Imagine you are walking through the forest as various aromas ride upon the damp air. The heavy smell of the wet, fecund earth rises to your nostrils, and cutting through all of this, you perceive the sweet, resinous smell of black cottonwood buds. Their pleasant odor brings a smile to your face. The buds are swelling—spring is on its way!
If one believes that there is an underlying force or energy that gives shape and form to the universe, it is easy to see that there would be correlations between things that have been shaped by similar permutations of this universal force. This force creates patterns that are found throughout nature in forms that include the Golden Ratio, the Golden Rectangle, Fibonacci Sequence patterns, Overbeck Jets, and Toroids.
Merging with the Plant—There are certain challenges inherent in this work. At some point, we will all come up against that part of ourselves that questions the reality of our own experience, but in order to do this work we must accept that there are many layers to reality other than that which can be measured and experienced with the senses on which we normally rely. We must also come to terms with the fact that intelligence exists outside of the human psyche.
The forest is a great repository of wisdom that remains alive and intact. It is here in the wild places that we can remember how to live in harmony with each other, the planet, and ourselves. The “teachings” of the forest don’t always come in words but alter us on an energetic level and allow us to receive the imprint of life that is our birthright as children of this creation. Here we can remember who we are and remember our connection to the center and source of all being. From this place and the journey that leads to and from it, we can birth and nurture the gifts that we have been entrusted to share with the world.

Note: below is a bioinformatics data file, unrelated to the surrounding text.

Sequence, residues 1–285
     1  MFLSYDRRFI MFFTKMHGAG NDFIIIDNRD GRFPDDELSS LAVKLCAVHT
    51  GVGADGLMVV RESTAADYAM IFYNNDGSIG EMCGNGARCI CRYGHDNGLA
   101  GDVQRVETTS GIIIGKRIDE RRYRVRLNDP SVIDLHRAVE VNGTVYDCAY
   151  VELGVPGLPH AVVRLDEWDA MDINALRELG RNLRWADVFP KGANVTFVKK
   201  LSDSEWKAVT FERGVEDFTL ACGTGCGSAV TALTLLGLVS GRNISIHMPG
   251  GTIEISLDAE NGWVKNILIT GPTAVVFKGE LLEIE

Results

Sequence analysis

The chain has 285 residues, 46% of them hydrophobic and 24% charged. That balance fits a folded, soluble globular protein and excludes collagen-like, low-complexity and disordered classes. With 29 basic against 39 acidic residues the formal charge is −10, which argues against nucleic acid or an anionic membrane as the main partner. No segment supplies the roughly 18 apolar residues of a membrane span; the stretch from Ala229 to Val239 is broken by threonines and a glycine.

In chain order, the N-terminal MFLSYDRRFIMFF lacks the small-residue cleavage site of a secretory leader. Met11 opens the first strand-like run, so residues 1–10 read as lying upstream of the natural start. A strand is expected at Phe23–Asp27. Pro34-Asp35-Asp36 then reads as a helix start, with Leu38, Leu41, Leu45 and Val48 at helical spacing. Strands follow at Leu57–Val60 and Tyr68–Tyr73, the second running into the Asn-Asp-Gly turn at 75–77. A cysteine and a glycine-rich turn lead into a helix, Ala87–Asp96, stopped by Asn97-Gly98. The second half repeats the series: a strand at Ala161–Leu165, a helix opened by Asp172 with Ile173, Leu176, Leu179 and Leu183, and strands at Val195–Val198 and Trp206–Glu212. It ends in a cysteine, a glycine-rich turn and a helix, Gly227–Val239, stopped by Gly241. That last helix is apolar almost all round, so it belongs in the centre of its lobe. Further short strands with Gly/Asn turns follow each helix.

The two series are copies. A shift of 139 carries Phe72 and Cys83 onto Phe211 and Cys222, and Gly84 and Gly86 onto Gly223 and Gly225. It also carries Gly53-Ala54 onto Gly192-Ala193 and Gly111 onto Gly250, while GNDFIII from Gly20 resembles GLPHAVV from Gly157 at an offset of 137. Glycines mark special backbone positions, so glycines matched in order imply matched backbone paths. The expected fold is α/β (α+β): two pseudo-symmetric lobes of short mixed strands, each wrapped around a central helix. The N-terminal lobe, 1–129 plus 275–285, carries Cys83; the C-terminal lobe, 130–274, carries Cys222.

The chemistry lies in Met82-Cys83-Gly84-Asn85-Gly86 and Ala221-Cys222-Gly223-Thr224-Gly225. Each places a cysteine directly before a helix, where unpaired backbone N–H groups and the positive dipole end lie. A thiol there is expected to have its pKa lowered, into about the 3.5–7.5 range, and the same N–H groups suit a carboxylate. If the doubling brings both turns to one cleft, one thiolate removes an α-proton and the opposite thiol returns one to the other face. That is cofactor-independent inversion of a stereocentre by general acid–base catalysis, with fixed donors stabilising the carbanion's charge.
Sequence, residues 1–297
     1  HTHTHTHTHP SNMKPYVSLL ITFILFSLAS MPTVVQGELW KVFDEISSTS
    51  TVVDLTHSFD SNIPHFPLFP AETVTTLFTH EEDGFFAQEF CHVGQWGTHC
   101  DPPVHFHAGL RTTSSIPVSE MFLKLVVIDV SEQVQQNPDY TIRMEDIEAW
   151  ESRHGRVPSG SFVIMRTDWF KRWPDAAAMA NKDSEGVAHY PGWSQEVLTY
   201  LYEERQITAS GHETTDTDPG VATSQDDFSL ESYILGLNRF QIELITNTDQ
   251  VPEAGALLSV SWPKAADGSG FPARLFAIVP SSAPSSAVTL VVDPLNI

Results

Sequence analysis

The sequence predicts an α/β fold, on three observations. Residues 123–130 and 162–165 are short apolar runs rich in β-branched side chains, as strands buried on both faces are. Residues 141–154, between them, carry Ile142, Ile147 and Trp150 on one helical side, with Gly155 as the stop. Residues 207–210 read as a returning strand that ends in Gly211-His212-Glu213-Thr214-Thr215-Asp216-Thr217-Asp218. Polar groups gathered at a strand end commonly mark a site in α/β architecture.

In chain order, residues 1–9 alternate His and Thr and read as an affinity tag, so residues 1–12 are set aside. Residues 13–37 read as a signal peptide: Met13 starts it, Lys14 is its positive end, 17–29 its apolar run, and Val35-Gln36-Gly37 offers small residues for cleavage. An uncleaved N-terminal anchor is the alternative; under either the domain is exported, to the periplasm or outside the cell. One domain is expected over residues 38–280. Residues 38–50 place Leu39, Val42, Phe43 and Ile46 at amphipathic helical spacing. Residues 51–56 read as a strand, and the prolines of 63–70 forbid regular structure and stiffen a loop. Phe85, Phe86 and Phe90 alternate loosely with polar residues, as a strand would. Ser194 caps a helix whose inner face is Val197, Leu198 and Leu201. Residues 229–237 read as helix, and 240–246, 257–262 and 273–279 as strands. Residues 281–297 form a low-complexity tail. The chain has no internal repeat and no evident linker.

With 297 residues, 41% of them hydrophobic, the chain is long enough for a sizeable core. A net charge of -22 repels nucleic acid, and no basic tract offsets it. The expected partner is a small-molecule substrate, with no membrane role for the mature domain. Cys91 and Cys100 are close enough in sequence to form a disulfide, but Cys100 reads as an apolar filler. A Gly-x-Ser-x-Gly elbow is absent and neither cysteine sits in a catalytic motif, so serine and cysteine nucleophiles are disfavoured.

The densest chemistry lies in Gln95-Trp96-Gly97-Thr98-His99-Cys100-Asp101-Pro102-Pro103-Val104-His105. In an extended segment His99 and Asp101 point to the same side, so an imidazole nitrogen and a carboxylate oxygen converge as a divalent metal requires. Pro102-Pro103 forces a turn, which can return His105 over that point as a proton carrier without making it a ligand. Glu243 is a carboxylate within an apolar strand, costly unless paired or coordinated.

I am sitting in a room with a male forest being. He is brown with strips of bark hanging from his clothes. He looks at me with a glimmer in his eye, "You know Cascara is good for stubborn blockages."
"Yes, I know"
"No, I mean stubborn blockages." As he emphasizes "blockages" I understand that he means mental, spiritual, and emotional blockages.
A familiar cough that comes when my heart unable to receive arising as I put first drops in my mouth; the taste, a wave of bitterness with white-capped apple skin sweetness. The medicine washes down through my chest smoothly pushing cough aside, dissipating and erasing its energy. Memories of a family, friends of my family, with two boys younger than me who tortured animals and a father who had to leave because he was abusive.
I walk through the woods searching for a good place to harvest Devil’s Club, Oplopanax horridum. I investigate the root connections looking for a spot where the stems have grown tall and fallen over making new root junctions. If you can find a mature root in between two well-rooted nodes, you can take the central piece while doing minimal harm to the above-ground portions of the plant. I make prayers and offerings and ask for permission to harvest. As I am cleaning and clipping the roots I’ve removed from the stand, I have a sense that something is not right.
Scott Kloos is creating books, essays, and articles inspired by plants and wild nature. Support him by pledging a monthly donation on Patreon!